Simpson co-Sponsors “Great American Outdoors Act”

Idaho Congressman Mike Simpson is co-sponsoring a new bill called “The Great American Outdoors Act.”

Simpson said the bill permanently funds the existing Land and Water Conservation Fund, which increases access to public lands. He said it would also maintain public lands by creating a new fund to address the backlog of deferred maintenance in National Parks, Forests, Bureau of Land Management assets, Wildlife Refuges, and Bureau of Indian Education school construction.

For example, Simpson said Yellowstone National Park still has over $585 million in deferred maintenance costs. It would be funded by energy production on federal lands and waters. He says it has the support of both Idaho and national conservation groups.

“In 2017, I sat down with public lands groups and we decided that fixing the backlog of maintenance and preserving those lands through LWCF was a partnership that makes sense, which is why I wrote the LAND Act.”said Simpson. “At the end of the day, and through these trying and unprecedented times, we realize the outdoors are why we live in Idaho. This legislation ensures generations to come will be able enjoy these amazing places as we do today.”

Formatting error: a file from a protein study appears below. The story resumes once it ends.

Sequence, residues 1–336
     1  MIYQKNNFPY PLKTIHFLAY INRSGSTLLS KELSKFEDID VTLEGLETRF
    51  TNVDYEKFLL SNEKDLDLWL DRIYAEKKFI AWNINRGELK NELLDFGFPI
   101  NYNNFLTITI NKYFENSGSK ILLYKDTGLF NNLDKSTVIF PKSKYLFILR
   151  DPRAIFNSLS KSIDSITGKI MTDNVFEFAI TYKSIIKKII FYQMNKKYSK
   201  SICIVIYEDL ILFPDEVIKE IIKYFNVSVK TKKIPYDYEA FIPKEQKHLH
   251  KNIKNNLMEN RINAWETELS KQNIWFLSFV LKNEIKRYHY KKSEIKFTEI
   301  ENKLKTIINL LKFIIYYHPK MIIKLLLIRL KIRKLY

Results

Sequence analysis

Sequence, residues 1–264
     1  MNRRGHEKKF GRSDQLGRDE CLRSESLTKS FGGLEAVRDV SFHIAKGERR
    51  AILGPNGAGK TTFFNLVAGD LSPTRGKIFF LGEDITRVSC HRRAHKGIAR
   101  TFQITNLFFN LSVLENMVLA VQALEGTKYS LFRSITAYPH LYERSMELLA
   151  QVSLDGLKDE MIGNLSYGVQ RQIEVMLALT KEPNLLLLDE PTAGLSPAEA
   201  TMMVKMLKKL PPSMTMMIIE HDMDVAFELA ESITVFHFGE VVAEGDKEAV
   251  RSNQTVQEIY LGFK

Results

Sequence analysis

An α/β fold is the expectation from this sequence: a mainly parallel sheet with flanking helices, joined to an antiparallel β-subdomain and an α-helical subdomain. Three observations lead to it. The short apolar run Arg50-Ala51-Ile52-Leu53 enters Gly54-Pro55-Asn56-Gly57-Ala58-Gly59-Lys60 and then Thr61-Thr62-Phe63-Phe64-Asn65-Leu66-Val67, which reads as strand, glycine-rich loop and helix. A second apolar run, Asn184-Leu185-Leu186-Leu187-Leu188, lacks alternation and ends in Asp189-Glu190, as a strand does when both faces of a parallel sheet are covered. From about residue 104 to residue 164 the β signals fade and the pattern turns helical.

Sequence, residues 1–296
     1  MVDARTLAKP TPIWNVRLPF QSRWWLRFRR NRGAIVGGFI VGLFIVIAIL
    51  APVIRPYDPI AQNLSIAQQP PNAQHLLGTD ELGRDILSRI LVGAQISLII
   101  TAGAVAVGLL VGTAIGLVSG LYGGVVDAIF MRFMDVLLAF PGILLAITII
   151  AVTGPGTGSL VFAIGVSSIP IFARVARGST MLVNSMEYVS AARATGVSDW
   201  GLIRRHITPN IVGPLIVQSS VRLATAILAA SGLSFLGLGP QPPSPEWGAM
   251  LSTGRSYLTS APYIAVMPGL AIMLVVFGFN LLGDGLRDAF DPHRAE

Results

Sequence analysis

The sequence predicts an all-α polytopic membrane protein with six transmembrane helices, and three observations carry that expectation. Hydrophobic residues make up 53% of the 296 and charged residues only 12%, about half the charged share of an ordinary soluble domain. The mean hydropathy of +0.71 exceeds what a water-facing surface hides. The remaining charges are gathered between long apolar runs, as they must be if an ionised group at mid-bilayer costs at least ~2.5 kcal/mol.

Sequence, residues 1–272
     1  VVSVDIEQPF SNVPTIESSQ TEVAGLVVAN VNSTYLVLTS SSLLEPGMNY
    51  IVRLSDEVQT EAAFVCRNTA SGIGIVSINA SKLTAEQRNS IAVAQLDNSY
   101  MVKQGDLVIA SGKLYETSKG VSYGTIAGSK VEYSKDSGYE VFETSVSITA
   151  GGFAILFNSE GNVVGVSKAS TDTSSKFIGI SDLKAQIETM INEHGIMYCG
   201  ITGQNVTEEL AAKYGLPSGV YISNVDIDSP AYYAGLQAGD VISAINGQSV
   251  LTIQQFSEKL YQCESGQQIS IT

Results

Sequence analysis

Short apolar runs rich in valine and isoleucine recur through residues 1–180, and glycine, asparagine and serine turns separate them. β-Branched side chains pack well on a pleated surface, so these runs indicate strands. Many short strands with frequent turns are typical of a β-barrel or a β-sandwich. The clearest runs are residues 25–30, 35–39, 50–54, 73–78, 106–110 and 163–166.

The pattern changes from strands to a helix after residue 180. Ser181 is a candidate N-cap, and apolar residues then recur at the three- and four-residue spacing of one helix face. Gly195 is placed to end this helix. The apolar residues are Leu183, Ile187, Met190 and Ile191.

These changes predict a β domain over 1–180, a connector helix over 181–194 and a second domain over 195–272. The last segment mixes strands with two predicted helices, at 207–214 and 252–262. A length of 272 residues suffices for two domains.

Rocky Mountain Elk Foundation President and CEO Kyle Weaver said the Land and Water Conservation Fund will provide conservation organizations and landowners some certainty that their agreements to protect and expand wildlife habitat will succeed. “The Great American Outdoors Act gives an invigorating jolt to the growing momentum in Congress to fully fund our parks and public lands. The COVID pandemic has shown just how critical our national, state and local parks, trails and public lands are to every Idahoan. Never before has the emotional benefits of time spent with nature been so evident.” said Craig Gehrke, Director, Idaho Office, The Wilderness Society.

The National Trust for Government Relations and Policy said the act is a bipartisan solution that would provide $9.5 billion in dedicated funding over 5 years for much-needed repairs of the National Park Service and other agencies.

Simpson expects to see a Senate vote next week, followed by consideration in the U.S. House.

Find original article at